Document Type



Doctor of Philosophy


Computer Science

First Adviser

Spletzer, John

Other advisers/committee members

Chen, Brian; Huang, Xiaolei; Derenick, Jason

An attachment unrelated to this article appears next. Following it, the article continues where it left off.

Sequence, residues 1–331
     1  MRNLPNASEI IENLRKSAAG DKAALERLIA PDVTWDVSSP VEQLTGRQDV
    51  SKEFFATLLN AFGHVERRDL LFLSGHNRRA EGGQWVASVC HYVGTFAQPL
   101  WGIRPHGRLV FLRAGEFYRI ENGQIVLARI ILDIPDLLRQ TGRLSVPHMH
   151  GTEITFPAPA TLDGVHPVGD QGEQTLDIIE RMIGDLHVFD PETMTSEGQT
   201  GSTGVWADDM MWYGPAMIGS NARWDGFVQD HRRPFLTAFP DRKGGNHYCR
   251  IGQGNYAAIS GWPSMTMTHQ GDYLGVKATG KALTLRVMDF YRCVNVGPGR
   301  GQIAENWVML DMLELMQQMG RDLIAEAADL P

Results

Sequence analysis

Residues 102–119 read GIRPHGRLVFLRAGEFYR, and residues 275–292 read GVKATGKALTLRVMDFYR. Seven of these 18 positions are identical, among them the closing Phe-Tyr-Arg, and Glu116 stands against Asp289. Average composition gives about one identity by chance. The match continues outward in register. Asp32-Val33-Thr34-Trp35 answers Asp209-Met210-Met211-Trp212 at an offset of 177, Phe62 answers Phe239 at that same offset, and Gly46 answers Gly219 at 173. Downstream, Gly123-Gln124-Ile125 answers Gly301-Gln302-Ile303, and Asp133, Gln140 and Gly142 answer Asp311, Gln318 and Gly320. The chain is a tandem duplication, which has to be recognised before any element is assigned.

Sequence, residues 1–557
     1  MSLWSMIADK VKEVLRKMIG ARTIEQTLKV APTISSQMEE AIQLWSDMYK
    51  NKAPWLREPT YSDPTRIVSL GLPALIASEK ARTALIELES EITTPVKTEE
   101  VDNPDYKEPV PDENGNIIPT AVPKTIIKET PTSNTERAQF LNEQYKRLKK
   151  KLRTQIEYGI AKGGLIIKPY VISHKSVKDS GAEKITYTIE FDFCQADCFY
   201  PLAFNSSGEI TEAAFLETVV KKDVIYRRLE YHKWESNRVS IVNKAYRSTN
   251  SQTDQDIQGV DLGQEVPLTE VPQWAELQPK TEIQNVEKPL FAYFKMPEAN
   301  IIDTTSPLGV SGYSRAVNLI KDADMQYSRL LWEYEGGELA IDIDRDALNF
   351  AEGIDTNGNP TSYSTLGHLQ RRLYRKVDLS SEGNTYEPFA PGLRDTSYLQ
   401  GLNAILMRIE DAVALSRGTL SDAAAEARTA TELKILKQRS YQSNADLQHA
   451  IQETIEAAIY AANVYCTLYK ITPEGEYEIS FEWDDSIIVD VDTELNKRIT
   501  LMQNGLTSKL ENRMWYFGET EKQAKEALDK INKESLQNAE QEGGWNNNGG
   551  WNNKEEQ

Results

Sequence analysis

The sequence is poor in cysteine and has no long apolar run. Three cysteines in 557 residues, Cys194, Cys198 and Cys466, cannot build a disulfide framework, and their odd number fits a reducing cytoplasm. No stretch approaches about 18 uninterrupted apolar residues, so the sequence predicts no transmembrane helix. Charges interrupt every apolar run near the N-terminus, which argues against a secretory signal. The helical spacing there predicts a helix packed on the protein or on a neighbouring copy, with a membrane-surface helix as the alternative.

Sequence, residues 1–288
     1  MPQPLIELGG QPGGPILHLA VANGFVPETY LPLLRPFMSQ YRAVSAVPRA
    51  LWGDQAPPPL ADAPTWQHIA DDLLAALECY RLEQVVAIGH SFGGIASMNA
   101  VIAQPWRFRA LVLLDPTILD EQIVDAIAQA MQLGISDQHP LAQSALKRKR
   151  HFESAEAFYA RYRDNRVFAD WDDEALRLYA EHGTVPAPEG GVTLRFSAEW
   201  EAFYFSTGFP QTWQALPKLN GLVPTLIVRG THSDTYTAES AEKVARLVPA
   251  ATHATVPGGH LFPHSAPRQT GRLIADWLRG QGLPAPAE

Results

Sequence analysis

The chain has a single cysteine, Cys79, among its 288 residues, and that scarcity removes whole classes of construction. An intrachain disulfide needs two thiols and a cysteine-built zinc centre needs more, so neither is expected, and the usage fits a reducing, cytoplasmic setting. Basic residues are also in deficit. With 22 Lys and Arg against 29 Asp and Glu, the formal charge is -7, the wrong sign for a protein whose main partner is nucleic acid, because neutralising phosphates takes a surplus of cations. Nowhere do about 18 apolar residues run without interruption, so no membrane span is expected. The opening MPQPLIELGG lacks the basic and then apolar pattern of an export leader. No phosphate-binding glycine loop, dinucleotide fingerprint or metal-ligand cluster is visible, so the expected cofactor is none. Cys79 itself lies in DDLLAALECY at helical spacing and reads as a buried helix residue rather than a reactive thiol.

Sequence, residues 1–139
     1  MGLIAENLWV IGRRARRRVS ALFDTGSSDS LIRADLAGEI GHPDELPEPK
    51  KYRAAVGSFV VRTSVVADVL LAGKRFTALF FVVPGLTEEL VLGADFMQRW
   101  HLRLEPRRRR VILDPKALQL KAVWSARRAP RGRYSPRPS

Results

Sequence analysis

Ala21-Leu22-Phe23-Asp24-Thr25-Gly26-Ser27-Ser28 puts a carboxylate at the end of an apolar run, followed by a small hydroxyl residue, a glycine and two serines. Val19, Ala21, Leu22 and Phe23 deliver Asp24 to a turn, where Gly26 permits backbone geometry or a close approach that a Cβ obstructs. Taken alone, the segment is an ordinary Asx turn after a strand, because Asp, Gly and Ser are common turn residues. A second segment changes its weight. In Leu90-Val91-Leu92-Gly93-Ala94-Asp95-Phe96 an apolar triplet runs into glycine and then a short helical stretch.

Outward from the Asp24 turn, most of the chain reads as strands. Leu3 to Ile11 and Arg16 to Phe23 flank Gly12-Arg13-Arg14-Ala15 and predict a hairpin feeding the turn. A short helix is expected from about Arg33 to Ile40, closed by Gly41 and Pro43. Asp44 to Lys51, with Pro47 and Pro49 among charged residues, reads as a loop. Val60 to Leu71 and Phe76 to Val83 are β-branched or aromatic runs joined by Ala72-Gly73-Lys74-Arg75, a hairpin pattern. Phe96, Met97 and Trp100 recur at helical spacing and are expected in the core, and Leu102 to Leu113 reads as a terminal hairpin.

Lifelong navigation of mobile robots is to ability to reliably operate over extended periods of time in dynamically changing environments. Historically, computational capacity and sensor capability have been the constraining factors to the richness of the internal representation of the environment that a mobile robot could use for navigation tasks. With affordable contemporary sensing technology available that provides rich 3D information of the environment and increased computational power, we can increasingly make use of more semantic environmental information in navigation related tasks.A navigation system has many subsystems that must operate in real time competing for computation resources in such as the perception, localization, and path planning systems. The main thesis proposed in this work is that we can utilize 3D information from the environment in our systems to increase navigational robustness without making trade-offs in any of the real time subsystems. To support these claims, this dissertation presents robust, real world 3D perception based navigation systems in the domains of indoor doorway detection and traversal, sidewalk-level outdoor navigation in urban environments, and global localization in large scale indoor warehouse environments.The discussion of these systems includes methods of 3D point cloud based object detection to find respective objects of semantic interest for the given navigation tasks as well as the use of 3D information in the navigational systems for purposes such as localization and dynamic obstacle avoidance. Experimental results for each of these applications demonstrate the effectiveness of the techniques for robust long term autonomous operation.